Finally, Sara Houmada, with the African Peer Review Mechanism Continental Secretariat, provides an interesting commentary article reviewing the African Union’s review of its First Ten-Year Implementation Plan (FTYIP) in support of Agenda 2063, the AU’s 2013 plan “for stronger socio-economic and political integration among African countries” based on seven aspirations and 20 specific goals. She shows that the evaluation revealed that the FTYIP resulted in “relatively humble achievements” due to “the persistence of a range of challenges”, which she examines in some detail. The rest of the piece concerns the plans outlined in the Second Ten-Year Implementation Plan (STYIP), as consolidated by the AU Commission and AUDA-Nepad, to address the shortfalls and extend development programmes. She concludes by arguing that many of the challenges faced by African countries in addressing Agenda 2063’s challenges could be positively influenced by a focused and conscious adoption of the social contract model of governance around the continent.

My thanks to Cuan Stafford for the excellent layout work. And finally, my thanks to Dr Ross Harvey, director of Good Governance Africa’s research department, whose commitment to TAGP as an independent journal is immense and much appreciated. To conclude, this issue provides a range of research and research-based arguments in a number of areas that demonstrate TAGP’s commitment to both depth and breadth in the pursuit of research on governance. With growing interest and support from our widening circle of academic researchers, the journal aims to build on this approach even further in coming issues.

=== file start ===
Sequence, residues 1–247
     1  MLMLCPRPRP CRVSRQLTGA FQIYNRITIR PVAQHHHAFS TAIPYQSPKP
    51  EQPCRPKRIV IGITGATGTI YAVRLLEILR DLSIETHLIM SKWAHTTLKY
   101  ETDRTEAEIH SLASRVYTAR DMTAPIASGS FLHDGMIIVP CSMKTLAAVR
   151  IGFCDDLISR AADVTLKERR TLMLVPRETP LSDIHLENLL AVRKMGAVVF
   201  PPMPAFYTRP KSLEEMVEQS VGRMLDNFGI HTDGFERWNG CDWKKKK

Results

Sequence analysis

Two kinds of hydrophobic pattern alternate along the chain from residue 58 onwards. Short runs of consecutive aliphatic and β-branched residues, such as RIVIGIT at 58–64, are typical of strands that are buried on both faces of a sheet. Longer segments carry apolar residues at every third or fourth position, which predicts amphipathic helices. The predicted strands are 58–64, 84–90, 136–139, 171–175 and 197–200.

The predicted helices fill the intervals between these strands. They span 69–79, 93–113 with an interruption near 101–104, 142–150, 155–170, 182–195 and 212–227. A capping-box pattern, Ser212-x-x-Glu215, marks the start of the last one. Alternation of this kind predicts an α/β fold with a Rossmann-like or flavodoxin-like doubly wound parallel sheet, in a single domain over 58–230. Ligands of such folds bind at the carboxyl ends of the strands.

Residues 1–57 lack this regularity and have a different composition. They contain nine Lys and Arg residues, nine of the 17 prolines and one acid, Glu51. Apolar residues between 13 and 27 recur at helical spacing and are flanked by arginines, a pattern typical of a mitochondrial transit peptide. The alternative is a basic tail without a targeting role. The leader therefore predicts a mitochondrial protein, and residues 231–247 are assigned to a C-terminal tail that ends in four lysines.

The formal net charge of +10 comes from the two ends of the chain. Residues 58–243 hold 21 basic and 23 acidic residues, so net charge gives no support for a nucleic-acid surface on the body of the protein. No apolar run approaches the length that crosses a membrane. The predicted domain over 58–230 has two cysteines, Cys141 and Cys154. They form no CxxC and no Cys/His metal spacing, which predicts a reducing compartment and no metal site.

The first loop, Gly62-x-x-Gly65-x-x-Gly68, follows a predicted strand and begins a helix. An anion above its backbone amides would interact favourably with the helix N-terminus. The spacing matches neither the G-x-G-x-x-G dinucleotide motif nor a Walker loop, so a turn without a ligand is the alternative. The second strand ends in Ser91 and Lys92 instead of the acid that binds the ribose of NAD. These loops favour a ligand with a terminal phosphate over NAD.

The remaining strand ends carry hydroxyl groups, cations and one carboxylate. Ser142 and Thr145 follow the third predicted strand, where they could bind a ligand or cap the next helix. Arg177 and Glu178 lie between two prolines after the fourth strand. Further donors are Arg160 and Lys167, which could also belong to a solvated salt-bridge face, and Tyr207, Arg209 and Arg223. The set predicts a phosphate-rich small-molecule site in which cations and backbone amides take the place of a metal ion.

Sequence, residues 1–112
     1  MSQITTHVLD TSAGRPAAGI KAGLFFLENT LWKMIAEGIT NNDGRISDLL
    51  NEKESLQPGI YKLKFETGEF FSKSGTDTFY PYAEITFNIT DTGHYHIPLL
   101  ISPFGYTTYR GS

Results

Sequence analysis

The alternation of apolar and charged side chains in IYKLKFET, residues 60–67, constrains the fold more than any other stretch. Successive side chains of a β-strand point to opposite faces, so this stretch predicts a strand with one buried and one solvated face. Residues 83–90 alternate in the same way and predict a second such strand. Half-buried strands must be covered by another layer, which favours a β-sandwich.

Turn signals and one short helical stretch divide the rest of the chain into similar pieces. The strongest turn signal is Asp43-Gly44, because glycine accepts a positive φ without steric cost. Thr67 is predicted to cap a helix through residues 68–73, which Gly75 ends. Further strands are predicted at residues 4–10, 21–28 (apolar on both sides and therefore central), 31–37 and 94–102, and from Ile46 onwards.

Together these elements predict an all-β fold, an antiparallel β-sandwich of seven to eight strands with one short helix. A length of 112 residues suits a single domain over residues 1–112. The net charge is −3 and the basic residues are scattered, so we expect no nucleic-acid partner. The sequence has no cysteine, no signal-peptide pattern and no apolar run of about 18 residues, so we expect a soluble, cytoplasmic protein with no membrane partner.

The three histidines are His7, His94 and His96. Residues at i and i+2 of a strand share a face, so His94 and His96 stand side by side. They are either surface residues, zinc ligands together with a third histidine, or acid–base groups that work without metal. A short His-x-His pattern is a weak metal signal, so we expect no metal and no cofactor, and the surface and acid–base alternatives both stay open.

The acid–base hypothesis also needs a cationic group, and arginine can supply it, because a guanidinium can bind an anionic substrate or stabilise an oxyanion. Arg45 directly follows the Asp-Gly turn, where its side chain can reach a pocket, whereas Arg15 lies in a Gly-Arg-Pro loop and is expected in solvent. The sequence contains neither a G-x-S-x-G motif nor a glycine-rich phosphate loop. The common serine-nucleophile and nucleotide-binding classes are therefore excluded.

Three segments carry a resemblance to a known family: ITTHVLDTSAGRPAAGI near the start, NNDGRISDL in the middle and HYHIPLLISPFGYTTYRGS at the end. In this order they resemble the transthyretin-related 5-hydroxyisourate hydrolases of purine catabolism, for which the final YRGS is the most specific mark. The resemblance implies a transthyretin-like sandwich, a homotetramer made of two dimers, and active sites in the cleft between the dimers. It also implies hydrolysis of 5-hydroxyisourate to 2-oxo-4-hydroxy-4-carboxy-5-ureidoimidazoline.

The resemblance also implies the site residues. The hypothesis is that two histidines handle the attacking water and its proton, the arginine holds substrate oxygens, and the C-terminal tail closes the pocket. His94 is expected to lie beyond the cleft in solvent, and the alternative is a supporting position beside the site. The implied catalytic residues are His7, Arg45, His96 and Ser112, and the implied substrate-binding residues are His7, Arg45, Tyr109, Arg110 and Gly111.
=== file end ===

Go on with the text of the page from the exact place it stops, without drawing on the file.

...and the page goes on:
Biographical Details

Richard Jurgens is editor of Good Governance Africa (GGA)’s peer-reviewed academic journal, The Africa Governance Papers and is a former editor of GGA’s flagship publication, Africa in Fact. He spent 10 years in exile with the ANC in Tanzania, Zambia and Zimbabwe, as well as the Netherlands. He has worked in mainstream media, alternative media, the corporate world and for Non-Government Organisations internationally and in South Africa. As a published author, he has recently completed a Research Master’s degree in public policy at the University of the Witwatersrand’s School of Governance.